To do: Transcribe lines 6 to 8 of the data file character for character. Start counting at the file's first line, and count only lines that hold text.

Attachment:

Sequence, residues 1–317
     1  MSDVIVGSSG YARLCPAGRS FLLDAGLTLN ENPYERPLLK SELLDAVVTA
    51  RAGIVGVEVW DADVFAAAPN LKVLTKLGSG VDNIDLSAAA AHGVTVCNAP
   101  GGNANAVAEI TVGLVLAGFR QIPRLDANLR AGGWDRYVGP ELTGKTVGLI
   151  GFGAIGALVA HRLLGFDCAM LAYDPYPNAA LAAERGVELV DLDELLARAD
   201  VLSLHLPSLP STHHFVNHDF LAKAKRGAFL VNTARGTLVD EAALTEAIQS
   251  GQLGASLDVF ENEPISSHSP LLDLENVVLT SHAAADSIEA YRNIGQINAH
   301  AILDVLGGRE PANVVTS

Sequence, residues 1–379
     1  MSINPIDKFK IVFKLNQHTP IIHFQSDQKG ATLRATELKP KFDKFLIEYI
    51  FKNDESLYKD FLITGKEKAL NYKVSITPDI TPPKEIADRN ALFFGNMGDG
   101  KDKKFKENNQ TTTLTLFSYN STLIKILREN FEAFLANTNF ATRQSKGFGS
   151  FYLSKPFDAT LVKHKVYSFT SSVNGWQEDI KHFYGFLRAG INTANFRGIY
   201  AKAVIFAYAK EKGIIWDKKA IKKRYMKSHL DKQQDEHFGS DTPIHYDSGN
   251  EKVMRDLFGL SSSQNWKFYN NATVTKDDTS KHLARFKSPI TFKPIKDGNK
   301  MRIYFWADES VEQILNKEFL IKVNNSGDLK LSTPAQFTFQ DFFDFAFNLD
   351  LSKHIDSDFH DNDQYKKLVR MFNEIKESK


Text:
   201  VLSLHLPSLP STHHFVNHDF LAKAKRGAFL VNTARGTLVD EAALTEAIQS
   251  GQLGASLDVF ENEPISSHSP LLDLENVVLT SHAAADSIEA YRNIGQINAH
   301  AILDVLGGRE PANVVTS